Traditionally in my January blog, I stick my neck out and try to forecast some macro trends that I believe will affect the automotive sector in the coming year. Here are my three predictions for 2022.
1. The looming reduction in service hours
As I mentioned last month, following two years of reduced cars sales due to COVID and production problems, franchise dealers will face significant pressure on their service hours. Assuming the ‘natural’ state for new car sales in the UK is around 2.1 million vehicles, the reduction in new vehicles over the last two years is around 1.2 million.
Franchise dealers get the bulk of their service work from vehicles that are between one to three years old. The fall in vehicles over 2020 and 2021 represents approximately a 20% drop in what would have been expected in the workshop versus what will come through. Come mid-year, dealers’ workshops will start to feel this drop.
The way to combat this challenge is to actively conquest overage vehicles with special service plans fit for the older market. This can be made up with a combination of spreading payments, price matching, and emphasising the importance of a dealers stamp in the service book.
2. Automotive consumers will get shyer
‘Digital dealer’ is the current buzz phrase in automotive retail. Convince the city you’re ‘digital’ and you’ll get a ridiculous valuation for your company.
Stripped back, digital means that consumers are more reserved and prefer to interact in ways that mean they don’t have to see you face-to-face. Covid-19 has sped this up.
The right application of technology allows dealers to take some of the boring processes out of their interactions and give a consistent level of service.
However, the need to provide excellent human interaction is still essential.
It’s easy to try and digitalise all interactions, but customers still want to talk to dealers and get an instant response.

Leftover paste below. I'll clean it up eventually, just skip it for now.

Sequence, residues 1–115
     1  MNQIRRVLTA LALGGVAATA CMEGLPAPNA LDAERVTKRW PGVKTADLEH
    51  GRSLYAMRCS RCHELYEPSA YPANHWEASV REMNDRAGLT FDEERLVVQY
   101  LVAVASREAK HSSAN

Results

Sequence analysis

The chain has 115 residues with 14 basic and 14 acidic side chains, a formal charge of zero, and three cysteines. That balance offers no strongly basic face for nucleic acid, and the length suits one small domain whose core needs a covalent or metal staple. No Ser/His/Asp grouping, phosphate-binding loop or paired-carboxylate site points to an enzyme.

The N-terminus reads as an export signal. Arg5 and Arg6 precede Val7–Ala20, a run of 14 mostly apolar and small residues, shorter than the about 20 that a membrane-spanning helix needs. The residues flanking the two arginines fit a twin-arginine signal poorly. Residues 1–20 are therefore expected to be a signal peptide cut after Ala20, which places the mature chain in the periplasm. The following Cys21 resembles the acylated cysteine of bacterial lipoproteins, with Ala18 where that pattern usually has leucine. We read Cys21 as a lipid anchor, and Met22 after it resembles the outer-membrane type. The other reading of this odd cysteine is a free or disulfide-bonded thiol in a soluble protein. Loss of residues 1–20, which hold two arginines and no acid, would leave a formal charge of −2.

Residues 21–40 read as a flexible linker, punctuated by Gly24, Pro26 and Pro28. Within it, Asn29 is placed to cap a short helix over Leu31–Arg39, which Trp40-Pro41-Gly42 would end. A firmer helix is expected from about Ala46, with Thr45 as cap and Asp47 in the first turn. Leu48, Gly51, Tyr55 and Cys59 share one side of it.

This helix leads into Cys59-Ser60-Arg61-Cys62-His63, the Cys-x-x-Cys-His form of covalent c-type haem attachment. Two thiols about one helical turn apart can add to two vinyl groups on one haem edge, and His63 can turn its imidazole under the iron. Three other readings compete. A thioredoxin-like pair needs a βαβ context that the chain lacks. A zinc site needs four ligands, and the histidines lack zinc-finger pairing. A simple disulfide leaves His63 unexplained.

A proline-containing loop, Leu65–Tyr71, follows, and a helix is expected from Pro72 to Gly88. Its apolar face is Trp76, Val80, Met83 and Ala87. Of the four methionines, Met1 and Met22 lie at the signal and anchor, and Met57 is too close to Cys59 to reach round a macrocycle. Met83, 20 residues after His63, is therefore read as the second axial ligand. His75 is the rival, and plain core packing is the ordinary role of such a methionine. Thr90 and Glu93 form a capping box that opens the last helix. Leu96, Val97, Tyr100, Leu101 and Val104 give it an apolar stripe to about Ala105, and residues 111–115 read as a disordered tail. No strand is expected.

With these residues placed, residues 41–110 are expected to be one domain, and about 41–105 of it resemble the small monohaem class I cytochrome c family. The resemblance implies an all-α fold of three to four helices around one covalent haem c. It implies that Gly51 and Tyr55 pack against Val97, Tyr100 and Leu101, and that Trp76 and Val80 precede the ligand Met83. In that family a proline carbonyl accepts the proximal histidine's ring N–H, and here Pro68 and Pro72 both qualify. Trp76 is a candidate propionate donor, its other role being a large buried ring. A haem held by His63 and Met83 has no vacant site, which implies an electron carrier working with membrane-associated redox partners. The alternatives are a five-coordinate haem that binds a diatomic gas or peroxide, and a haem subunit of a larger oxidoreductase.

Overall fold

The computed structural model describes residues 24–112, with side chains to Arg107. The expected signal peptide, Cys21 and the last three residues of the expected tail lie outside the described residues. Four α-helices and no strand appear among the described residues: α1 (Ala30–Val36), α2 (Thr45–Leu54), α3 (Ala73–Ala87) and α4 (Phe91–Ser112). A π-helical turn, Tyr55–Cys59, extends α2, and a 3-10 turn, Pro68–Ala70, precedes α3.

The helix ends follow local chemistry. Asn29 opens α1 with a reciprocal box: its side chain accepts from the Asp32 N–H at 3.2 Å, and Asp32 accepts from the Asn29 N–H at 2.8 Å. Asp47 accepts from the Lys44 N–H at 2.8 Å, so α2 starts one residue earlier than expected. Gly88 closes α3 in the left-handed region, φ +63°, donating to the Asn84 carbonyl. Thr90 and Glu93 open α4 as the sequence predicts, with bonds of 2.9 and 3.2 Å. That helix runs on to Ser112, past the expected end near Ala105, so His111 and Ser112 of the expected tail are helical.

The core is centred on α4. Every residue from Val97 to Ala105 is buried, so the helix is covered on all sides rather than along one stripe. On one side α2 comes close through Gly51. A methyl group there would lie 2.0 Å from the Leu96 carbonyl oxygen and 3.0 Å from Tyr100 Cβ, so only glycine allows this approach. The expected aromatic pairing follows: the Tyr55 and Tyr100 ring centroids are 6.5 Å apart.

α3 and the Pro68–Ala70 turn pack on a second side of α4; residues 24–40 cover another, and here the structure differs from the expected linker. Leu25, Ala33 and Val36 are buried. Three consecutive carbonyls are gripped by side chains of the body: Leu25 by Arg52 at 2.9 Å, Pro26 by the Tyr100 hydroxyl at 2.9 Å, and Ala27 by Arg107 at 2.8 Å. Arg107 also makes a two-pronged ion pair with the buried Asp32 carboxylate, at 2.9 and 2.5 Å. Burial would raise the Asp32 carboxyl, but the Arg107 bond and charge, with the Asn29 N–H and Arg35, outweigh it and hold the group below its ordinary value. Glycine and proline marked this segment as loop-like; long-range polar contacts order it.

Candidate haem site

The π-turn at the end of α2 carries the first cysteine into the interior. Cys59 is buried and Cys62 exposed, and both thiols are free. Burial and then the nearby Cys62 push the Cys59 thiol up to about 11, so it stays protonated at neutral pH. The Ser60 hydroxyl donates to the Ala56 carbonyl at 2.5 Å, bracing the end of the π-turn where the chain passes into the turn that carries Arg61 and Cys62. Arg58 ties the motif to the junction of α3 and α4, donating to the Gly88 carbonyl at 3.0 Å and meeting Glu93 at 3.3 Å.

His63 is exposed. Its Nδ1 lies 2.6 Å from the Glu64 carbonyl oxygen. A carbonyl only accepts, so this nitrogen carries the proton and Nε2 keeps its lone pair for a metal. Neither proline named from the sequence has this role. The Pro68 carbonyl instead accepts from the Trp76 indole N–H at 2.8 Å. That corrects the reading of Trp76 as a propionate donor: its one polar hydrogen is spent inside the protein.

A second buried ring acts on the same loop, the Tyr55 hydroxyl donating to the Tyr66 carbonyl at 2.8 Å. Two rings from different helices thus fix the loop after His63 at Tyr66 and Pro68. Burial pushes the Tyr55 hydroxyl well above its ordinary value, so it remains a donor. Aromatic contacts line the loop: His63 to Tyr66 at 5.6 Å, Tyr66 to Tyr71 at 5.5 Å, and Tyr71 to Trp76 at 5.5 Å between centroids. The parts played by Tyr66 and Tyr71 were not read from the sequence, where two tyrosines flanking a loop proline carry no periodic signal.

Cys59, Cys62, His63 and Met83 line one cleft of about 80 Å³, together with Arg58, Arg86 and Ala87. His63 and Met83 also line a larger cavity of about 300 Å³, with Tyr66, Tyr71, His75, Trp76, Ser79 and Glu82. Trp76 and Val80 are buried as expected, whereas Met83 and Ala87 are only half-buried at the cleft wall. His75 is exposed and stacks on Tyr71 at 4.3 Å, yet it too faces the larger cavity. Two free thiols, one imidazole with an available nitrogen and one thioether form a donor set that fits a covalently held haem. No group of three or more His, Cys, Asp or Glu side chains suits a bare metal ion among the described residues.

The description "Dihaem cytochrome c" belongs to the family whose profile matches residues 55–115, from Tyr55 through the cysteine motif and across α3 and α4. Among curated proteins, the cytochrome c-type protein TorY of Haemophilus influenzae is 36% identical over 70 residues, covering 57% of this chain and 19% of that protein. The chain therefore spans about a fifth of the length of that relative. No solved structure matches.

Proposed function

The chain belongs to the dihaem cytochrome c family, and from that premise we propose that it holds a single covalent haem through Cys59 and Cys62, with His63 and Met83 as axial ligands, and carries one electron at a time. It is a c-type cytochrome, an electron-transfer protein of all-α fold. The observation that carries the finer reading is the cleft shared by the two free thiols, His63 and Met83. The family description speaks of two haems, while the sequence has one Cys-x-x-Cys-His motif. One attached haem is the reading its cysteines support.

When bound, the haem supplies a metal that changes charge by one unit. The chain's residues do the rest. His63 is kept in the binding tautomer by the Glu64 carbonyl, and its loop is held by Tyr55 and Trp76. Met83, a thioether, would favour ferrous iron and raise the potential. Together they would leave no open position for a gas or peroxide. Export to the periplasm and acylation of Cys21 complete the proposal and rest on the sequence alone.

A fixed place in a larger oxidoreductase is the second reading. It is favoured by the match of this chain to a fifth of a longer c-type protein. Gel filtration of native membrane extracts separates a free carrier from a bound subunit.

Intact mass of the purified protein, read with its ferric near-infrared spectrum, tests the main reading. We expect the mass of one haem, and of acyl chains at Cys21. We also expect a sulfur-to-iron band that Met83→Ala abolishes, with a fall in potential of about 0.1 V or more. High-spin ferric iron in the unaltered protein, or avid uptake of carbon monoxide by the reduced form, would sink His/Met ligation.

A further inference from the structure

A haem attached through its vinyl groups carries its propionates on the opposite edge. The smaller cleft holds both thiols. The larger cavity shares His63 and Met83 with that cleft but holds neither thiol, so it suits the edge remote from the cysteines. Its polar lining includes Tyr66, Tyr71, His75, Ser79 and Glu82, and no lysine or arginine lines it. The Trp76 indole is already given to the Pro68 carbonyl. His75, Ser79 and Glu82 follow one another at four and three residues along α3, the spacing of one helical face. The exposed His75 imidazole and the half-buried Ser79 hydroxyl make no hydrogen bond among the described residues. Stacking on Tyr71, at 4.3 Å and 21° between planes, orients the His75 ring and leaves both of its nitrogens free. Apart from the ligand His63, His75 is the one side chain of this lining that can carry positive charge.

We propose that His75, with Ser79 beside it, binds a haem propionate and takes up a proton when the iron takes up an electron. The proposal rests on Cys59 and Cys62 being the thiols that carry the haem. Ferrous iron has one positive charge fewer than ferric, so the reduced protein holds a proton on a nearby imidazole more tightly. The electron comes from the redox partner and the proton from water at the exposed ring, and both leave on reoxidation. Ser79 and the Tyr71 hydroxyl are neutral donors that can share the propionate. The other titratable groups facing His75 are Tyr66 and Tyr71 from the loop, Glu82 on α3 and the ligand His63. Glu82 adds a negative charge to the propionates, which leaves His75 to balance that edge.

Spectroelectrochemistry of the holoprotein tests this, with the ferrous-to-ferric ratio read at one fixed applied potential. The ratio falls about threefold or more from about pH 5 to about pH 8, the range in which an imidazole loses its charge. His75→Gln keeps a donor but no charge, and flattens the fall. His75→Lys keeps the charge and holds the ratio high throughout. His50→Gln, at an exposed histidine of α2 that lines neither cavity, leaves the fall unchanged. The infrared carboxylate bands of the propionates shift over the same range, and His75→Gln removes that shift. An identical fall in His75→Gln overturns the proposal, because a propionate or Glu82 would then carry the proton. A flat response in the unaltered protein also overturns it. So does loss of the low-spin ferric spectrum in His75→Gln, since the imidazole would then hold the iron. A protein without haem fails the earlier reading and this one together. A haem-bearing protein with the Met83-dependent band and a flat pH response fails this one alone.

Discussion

Despite the various lockdowns, we’ve seen call volumes expand to above pre-Covid levels. Winning dealers are those that create the best mix between using technology for process improvement, while being on top of their core communications channels (telephone, live chat, email, etc).
Don’t follow the digital herd if it means replacing human interactions with automated messaging. When your customers contact you (even if it’s not as often as you’d like) they want to talk to a person.
Being phone fit, responding quickly, and giving rock star customer service will single your dealership out from the crowd.
3. The used market will continue to be strong for the whole year
Despite the potential for the economy to contract when we start to pay for Covid-19 with increased taxes, the fundamental supply balance for used cars has shifted significantly. Even if demand slows with the lack of new cars, there’s a significant reduction in suitable vehicles.
The following graph comparing Autotrader stock for sub one year, 1-2 year, and 2-3 year stock in 2019, 2020, and 2021 shows this reduction:
The overall market for one to three year stock has contracted by 46% since 2019. This represents circa 93,000 fewer vehicles for sale.
Assuming automotive dealers can get hold of suitable stock, the ability to make excellent profits will remain. If the new market does pick up with supplies easing, this will not cause a sudden decline in prices because of the scale of the shortfall in one to three year stock.
Headline Autotrader figures
- 2021 stock, MoM 8.7% increase, YoY 47.3% decrease
- 2020 stock MoM 8.3% increase, YoY 39.9% decrease
- Total market MoM 3.4% increase, YoY 11.8% decrease
Top 5 brands by market share of 2021 stock
- VW 12.7%
- BMW 10.5%
- Audi 10.4%
- Mercedes 6.2%
- Volvo 5.8%
Wishing you all a prosperous 2022. I look forward to seeing new and old friends this year. Looking back at the last two years, I feel proud and humbled to be part of a sector that never ceases to amaze me with its resilience – regardless of what’s thrown at it. Roll on 2022 – there’s a lot to do!